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Decolonisation, Diversification and Decline: Liverpool Shipping and the End of Empire

White, NJ Decolonisation, Diversification and Decline: Liverpool Shipping and the End of Empire. Transactions of the Historic Society of Lancashire and Cheshire, 171. ISSN 0140-332X (Accepted)

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Abstract

The publishing and curating career of Mike Stammers demonstrated Liverpool’s multifarious colonial connections. The port city’s overseas trade remained heavily oriented towards developing-world markets into the era of decolonisation after the Second World War. The non-European trade bias was reflected in the cluster of world-renowned imperial shipping lines which continued to be based on Merseyside. Drawing upon the rich archive collections of the Merseyside Maritime Museum, as well as company histories often written by ex-employees or authors with privileged access to business records, this article explores Liverpool’s experience of decolonisation. It analyses how Liverpool’s maritime cluster was affected by the ending of the European empires, how Liverpool shipowners reacted to decolonisation through diversification, and how the combination of decolonisation and diversification led to the decline of Merseyside’s overseas shipping sector by the late-twentieth century.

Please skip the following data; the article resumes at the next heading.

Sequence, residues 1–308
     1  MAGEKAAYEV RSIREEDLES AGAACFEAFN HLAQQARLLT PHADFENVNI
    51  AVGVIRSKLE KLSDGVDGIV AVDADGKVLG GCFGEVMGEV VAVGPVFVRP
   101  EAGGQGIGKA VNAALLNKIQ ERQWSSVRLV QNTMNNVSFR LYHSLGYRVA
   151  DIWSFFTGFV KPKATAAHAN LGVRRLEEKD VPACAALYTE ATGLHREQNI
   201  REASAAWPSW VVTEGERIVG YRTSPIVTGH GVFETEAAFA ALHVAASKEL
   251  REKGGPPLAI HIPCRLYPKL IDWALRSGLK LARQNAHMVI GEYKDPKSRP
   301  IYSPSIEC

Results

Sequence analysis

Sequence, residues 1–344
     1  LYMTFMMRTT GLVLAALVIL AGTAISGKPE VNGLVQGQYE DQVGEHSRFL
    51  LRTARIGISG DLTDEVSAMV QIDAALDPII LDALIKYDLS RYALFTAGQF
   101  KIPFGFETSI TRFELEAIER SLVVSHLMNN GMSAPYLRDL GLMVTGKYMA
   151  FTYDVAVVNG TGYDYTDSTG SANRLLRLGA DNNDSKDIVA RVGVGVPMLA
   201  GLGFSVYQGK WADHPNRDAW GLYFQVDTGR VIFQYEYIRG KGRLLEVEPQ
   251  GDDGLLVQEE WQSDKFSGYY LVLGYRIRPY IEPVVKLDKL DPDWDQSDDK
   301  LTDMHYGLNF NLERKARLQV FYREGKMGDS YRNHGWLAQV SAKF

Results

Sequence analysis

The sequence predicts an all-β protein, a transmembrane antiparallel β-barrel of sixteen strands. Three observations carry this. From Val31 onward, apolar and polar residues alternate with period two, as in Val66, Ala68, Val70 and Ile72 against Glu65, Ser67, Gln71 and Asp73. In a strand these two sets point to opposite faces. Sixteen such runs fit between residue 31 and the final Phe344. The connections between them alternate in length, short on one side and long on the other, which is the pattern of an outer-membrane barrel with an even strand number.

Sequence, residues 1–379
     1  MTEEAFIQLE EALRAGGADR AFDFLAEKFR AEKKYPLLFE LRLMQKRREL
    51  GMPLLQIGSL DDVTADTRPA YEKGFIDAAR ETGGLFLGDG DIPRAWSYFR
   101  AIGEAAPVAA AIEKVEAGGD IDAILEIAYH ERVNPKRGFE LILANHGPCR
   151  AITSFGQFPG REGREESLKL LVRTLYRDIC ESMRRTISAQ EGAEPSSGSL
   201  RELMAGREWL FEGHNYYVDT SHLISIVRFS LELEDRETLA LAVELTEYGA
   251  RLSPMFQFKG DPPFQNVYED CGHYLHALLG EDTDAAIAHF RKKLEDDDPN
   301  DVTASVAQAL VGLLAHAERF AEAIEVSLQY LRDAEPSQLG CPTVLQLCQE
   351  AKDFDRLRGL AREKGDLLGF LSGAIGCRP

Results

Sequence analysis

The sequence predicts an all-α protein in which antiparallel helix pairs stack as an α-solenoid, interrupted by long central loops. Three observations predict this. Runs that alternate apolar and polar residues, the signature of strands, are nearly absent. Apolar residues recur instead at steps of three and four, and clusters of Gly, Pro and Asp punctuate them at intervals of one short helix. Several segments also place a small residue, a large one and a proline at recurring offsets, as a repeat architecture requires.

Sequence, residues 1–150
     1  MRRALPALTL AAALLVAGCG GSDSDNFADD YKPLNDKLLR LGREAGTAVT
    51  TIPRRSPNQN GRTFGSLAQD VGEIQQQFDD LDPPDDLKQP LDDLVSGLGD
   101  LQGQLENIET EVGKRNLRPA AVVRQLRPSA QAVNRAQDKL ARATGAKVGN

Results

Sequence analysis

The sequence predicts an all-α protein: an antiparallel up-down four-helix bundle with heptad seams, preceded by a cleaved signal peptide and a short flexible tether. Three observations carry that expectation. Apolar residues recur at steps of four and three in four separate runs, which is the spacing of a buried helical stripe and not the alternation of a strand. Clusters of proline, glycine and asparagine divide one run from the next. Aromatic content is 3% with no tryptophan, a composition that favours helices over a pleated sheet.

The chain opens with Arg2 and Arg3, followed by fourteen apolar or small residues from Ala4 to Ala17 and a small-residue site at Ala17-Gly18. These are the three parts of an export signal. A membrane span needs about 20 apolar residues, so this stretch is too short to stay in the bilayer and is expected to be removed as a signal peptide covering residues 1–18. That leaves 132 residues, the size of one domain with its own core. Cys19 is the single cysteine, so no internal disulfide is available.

Item Type: Article
Subjects: D History General and Old World > D History (General)
D History General and Old World > DA Great Britain
H Social Sciences > HE Transportation and Communications
Divisions: Humanities & Social Science
Publisher: Liverpool University Press
Date Deposited: 08 Feb 2022 12:07
Last Modified: 08 Feb 2022 12:15
URI: https://researchonline.ljmu.ac.uk/id/eprint/16261

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